eero Refuses to use Ethernet Backhaul
I have three eero Gen2 all in bridge mode and connected via ethernet to a gig ethernet switch that is plugged in to my ISP firewall/router/modem. Everything worked great for the last few months. The ISP replaced the modem today and everything came up as expected with one exception. One eero refused to connect via ethernet, the app shows it connected wirelessly. Previously it has always connected via ethernet.
- Verified the ethernet cable works by plugging in a different device
- Restarted the eero via the app
- Hard booted the eero via unplugging it
- Restarted the entire eero network (all three APs) via the app
- Unplugged the ethernet... waited... plugged it back in
- Reset the problem eero to factor default and re-added it to the network.
The eero in question is still connected via wireless and not ethernet. Despite this I have a link light on the switch which tells me the ethernet connection is active. I'm stumped. There is no way to force the device to use ethernet backhaul unfortunately.
Why is it choosing wireless now? Is it smart enough to decide that wifi is a better option than ethernet in this case?
Hi lacey303 –
Thanks for reaching out and sorry to hear the issue you are experiencing.
When connected via Ethernet, your eeros will automatically default to a wired backhaul. If you are continuing to see a connection type that is wireless, please contact support at firstname.lastname@example.org . Our team can see more details regarding the connection type.
If the issue is hardware related (such as an issue with the Ethernet jack), our warranty will cover a replacement. If the issue is cosmetic, our team will escalate the matter to engineering so they can take a look at what is happening.
Had a similar problem today, 11/27/20, with the subordinate eero in the living room, which lead me to re-booting, diagnosing, and updating eero software. It turned out that the problem was in the app (Android version). On the app home page, it showed that eero correctly as Wired, using the Wired icon ("<-->"), but when I selected the location for more detail, it displayed the word "Wireless" and the Wireless icon. For the other eero's it described the connection correctly on both screens: Wired for the main eero in the office, and Wireless for the other subordinate one in the garage. I would have saved myself some time if I had noticed that glitch in the app right off, but I was looking at the detail page and hadn't paid attention to the icon on the home page. It was using Wired all along.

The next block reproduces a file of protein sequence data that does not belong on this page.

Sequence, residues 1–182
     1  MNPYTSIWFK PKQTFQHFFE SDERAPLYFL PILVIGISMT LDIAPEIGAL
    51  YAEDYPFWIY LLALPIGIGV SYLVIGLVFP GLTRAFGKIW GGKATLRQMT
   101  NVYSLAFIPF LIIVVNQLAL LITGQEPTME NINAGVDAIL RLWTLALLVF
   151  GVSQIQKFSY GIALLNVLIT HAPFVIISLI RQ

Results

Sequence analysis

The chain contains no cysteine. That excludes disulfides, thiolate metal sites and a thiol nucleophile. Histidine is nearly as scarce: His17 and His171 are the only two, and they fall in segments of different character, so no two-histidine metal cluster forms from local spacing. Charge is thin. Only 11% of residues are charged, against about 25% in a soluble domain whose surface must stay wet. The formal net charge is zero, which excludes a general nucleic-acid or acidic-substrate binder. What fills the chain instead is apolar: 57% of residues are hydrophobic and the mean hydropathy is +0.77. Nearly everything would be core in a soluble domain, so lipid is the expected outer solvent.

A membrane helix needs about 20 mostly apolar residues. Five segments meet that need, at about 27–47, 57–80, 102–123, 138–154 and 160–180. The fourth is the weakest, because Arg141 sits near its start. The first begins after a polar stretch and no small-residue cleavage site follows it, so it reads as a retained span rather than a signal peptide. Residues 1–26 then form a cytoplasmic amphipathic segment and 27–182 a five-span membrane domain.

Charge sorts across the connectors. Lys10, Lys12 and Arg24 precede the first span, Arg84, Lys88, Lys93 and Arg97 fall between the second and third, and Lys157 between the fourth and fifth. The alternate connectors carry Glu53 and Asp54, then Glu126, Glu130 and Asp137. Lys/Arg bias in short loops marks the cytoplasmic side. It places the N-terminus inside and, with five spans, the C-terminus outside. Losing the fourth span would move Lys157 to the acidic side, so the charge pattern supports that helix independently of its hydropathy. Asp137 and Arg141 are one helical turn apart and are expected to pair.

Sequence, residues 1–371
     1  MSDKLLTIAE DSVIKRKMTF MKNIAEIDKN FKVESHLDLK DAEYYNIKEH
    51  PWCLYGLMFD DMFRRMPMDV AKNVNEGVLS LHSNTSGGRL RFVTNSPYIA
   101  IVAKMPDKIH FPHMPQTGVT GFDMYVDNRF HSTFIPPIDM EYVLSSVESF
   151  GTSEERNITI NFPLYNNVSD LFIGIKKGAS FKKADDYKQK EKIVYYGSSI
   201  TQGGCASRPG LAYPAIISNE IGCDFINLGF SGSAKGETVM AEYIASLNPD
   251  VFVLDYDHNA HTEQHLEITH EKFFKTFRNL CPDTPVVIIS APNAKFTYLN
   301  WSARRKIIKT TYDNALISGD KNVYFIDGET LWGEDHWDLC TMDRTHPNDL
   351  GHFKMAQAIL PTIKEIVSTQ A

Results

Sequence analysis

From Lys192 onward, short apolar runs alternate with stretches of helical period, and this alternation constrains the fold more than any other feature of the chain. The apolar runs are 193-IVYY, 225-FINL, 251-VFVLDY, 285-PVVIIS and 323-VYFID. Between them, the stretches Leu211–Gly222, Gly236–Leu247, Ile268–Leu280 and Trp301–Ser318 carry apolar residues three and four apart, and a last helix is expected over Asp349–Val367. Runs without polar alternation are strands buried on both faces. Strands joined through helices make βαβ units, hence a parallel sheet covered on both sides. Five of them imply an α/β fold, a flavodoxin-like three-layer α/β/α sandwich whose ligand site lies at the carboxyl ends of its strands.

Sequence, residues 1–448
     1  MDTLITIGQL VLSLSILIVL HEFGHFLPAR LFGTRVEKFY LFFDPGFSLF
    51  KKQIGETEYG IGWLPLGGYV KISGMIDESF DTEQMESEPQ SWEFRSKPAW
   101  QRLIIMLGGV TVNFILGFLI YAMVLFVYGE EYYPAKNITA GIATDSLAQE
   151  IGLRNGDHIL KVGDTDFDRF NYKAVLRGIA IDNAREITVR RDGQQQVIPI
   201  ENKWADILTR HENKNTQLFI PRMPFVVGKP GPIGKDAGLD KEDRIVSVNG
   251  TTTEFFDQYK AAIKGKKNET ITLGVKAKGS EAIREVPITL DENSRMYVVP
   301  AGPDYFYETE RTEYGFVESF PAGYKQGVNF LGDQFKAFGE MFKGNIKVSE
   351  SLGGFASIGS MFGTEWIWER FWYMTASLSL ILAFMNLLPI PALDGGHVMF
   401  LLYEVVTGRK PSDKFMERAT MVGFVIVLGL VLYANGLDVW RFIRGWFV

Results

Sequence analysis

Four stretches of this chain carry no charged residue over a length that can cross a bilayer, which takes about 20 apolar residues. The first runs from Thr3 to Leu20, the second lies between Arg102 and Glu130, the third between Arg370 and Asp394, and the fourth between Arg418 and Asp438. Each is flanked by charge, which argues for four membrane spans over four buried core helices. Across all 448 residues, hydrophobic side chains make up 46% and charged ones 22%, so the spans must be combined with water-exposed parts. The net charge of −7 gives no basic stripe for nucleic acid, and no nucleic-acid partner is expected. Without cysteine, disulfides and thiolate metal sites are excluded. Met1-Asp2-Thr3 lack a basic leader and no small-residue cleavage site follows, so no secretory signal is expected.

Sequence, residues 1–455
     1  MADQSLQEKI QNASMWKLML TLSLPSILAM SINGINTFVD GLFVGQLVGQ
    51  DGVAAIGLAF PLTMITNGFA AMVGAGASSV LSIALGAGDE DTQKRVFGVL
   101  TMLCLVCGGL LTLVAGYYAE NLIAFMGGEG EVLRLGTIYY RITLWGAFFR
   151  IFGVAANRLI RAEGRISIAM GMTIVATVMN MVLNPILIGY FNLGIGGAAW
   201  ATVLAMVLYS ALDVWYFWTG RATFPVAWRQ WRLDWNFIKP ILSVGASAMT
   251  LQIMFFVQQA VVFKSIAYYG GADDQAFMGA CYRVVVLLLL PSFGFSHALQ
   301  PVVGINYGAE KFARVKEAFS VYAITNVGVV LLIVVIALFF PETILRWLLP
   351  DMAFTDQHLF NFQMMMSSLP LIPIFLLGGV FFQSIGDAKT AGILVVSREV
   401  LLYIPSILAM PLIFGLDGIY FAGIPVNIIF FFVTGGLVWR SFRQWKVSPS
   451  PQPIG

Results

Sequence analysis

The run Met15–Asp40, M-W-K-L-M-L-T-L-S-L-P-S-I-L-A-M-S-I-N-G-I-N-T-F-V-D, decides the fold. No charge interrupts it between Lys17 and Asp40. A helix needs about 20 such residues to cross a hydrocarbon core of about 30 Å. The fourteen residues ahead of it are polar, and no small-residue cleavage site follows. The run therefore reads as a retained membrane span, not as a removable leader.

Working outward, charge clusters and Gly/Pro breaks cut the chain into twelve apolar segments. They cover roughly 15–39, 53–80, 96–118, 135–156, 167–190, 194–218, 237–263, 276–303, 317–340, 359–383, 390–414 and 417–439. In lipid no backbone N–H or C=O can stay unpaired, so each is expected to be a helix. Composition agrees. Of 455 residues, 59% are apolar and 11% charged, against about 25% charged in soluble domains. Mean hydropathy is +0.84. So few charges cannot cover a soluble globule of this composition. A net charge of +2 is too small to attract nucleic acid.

When I pull the Ethernet cable from the subordinate eero, the app changes to showi the wireless symbol on the list page. When I reconnect the Ethernet cable it goes back to showing the wired symbol. So it's not completely arbitrary. But the detail page shows wireless at all time. If you have a laptop with an Ethernet connection, you could plug it into the subordinate eero drectly and run an Internet speed test. If it making a wireless hop, the speed should be slower than when you plug it into your main eero, assuming that the main eero is on a wired connection to your dsl or cable modem.
I had this problem where the eero pro was plugged into Ethernet, but showed up in the app as a wireless connection. The problem is that one wired Eero must be daisy chained to the gateway-wired eero. Backhauls that lead back to your primary isp supplied router will not work as wired, and are an unsupported topology.
Eero support sent me a list of supported topologies:
My home doesn’t have two Ethernet wires running to any one room, so I’m not able to plug one eero into another in a daisy chain of backhauls, connected by patch cables at the main patch panel. But after removing the backhaul wire from the most remote wired eero, I restarted all the Eros and waited a while. Then I measured the bandwidth with a Speedtest and I found the wireless eero was speeding along at wired speeds, above 470Mbps. It seems there’s little difference in performance when an eero is wired vs wireless. At least not evidenced in my home with 500 Mb Frontier fiber service.
It’s counter intuitive that the second eero must be plugged into another wired eero. But on closer inspection I learned that the eeros create a separate subnet with a different IP address range for the wireless network. It’s a different subnet than the main wired Ethernet coming from my Frontier Arris router.
So the bottom line is, if you want to wire a second eero with an Ethernet backhaul, you must plug that backhaul into another wired eero.